20931200 R.S.Holmes, M.W.Wright, S.J.Laulederkind, L.A.Cox, M.Hosokawa, T.Imai, S.Ishibashi, R.Lehner, M.Miyazaki, E.J.Perkins, P.M.Potter, M.R.Redinbo, J.Robert, T.Satoh, T.Yamashita, B.Yan, T.Yokoi, R.Zechner, and L.J.Maltais (2010).
Recommended nomenclature for five mammalian carboxylesterase gene families: human, mouse, and rat genes and proteins.
  Mamm Genome, 21, 427-441.  
20430828 X.Liu, S.Ouyang, B.Yu, Y.Liu, K.Huang, J.Gong, S.Zheng, Z.Li, H.Li, and H.Jiang (2010).
PharmMapper server: a web server for potential drug target identification using pharmacophore mapping approach.
  Nucleic Acids Res, 38, W609-W614.  
19937843 G.Vistoli, A.Pedretti, A.Mazzolari, C.Bolchi, and B.Testa (2009).
Influence of ionization state on the activation of temocapril by hCES1: a molecular-dynamics study.
  Chem Biodivers, 6, 2092-2100.  
19187434 R.S.Holmes, J.P.Glenn, J.L.VandeBerg, and L.A.Cox (2009).
Baboon carboxylesterases 1 and 2: sequences, structures and phylogenetic relationships with human and other primate carboxylesterases.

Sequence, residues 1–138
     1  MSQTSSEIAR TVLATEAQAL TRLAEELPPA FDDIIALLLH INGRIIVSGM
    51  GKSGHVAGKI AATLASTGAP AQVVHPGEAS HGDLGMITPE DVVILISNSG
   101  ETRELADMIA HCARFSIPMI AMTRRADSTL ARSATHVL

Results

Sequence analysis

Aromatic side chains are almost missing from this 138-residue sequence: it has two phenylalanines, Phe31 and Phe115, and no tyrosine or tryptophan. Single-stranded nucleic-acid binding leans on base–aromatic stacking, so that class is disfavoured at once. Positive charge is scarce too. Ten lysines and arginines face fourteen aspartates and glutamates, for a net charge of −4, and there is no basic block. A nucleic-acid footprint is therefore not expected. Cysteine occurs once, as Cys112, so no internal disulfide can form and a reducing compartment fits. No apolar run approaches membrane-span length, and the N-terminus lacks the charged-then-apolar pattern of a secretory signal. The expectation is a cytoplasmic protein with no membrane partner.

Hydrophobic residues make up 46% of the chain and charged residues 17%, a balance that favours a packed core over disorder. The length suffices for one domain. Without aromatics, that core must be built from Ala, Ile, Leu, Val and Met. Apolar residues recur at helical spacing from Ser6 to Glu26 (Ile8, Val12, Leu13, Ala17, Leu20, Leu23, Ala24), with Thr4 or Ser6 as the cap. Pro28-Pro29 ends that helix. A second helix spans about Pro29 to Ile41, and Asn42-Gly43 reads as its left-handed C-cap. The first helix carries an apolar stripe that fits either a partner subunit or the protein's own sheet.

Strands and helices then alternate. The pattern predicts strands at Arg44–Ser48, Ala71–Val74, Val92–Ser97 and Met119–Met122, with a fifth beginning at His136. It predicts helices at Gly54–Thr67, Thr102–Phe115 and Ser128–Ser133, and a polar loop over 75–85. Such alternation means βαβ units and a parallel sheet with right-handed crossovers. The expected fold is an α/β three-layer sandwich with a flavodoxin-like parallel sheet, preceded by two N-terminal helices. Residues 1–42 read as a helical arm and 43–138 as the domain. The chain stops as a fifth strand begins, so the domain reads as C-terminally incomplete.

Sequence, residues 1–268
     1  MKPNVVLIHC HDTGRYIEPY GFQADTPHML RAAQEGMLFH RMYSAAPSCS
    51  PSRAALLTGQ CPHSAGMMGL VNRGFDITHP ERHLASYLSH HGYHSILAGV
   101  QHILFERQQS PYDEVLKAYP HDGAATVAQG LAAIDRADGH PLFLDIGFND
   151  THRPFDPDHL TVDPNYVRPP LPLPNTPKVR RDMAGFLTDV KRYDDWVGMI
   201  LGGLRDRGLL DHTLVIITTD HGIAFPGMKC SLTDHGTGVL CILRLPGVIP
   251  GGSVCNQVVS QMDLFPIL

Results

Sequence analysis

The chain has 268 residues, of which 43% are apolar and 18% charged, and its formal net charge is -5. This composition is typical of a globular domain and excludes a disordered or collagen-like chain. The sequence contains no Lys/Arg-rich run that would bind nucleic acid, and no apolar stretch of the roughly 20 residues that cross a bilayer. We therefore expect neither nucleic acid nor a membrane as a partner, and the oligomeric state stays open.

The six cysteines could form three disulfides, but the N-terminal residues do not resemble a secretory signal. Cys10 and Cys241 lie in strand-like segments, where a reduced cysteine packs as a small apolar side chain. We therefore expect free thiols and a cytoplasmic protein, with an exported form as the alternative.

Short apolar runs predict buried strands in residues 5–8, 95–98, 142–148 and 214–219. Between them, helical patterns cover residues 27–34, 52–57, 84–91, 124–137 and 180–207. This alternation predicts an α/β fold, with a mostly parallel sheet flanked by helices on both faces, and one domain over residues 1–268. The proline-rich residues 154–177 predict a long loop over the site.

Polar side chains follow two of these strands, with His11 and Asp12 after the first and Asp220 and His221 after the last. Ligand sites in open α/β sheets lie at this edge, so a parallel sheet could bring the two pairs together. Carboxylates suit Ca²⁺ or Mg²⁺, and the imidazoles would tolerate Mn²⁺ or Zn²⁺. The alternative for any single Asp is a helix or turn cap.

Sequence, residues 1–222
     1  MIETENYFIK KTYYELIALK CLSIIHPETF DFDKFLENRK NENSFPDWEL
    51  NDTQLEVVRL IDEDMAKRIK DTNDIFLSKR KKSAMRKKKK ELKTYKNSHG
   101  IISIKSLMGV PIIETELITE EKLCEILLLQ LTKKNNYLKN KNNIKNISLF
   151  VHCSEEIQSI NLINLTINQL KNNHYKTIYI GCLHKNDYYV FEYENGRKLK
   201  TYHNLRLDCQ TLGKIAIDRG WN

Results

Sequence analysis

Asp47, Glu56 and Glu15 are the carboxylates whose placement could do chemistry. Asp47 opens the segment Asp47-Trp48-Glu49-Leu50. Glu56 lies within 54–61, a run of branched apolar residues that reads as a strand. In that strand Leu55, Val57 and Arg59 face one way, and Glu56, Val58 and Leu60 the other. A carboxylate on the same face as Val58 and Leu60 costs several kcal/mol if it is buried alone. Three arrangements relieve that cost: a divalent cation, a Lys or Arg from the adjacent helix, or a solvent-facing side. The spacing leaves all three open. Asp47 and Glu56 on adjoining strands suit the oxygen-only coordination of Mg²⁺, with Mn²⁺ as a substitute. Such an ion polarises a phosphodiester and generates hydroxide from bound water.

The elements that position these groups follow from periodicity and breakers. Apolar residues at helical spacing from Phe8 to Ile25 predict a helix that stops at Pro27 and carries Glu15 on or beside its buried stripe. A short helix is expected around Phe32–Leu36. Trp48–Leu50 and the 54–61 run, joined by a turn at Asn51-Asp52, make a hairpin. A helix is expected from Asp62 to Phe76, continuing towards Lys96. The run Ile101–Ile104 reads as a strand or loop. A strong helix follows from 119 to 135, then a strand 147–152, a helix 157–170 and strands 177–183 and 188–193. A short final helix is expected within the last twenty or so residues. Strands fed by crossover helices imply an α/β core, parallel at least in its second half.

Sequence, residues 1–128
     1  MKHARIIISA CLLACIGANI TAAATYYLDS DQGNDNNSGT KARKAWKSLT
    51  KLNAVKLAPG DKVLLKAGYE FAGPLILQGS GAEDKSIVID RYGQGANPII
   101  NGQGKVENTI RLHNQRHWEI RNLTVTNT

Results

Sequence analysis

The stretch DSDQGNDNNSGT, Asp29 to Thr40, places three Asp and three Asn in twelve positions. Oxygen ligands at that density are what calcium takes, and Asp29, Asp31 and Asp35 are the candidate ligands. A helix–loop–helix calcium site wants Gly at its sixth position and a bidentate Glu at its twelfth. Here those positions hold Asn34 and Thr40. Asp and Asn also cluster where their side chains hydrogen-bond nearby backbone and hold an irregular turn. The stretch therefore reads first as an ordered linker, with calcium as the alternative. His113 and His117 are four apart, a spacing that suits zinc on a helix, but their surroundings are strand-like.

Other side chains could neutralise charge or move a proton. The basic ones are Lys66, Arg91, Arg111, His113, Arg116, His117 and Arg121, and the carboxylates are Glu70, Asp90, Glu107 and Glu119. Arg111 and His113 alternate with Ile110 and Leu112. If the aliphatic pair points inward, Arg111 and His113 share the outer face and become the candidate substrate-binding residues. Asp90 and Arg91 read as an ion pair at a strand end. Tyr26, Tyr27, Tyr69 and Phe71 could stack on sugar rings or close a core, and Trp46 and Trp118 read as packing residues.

J Med Primatol, 38, 27-38.  
20161041 R.S.Holmes, L.A.Cox, and J.L.Vandeberg (2009).
A new class of mammalian carboxylesterase CES6.
  Comp Biochem Physiol Part D Genomics Proteomics, 4, 209-217.  
20161341 R.S.Holmes, L.A.Cox, and J.L.Vandeberg (2009).
Bovine Carboxylesterases: Evidence for Two CES1 and Five Families of CES Genes on Chromosome 18.
  Comp Biochem Physiol Part D Genomics Proteomics, 4, 11-20.  
20403742 R.S.Holmes, L.A.Cox, and J.L.Vandeberg (2009).
Horse carboxylesterases: evidence for six CES1 and four families of CES genes on chromosome 3.
  Comp Biochem Physiol Part D Genomics Proteomics, 4, 54-65.  
19062296 T.Harada, Y.Nakagawa, R.M.Wadkins, P.M.Potter, and C.E.Wheelock (2009).
Comparison of benzil and trifluoromethyl ketone (TFK)-mediated carboxylesterase inhibition using classical and 3D-quantitative structure-activity relationship analysis.
  Bioorg Med Chem, 17, 149-164.  
18023188 C.E.Wheelock, K.Nishi, A.Ying, P.D.Jones, M.E.Colvin, M.M.Olmstead, and B.D.Hammock (2008).
Influence of sulfur oxidation state and steric bulk upon trifluoromethyl ketone (TFK) binding kinetics to carboxylesterases and fatty acid amide hydrolase (FAAH).
  Bioorg Med Chem, 16, 2114-2130.  
18485328 H.J.Zhu, K.S.Patrick, H.J.Yuan, J.S.Wang, J.L.Donovan, C.L.DeVane, R.Malcolm, J.A.Johnson, G.L.Youngblood, D.H.Sweet, T.Y.Langaee, and J.S.Markowitz (2008).
Two CES1 gene mutations lead to dysfunctional carboxylesterase 1 activity in man: clinical significance and molecular basis.
  Am J Hum Genet, 82, 1241-1248.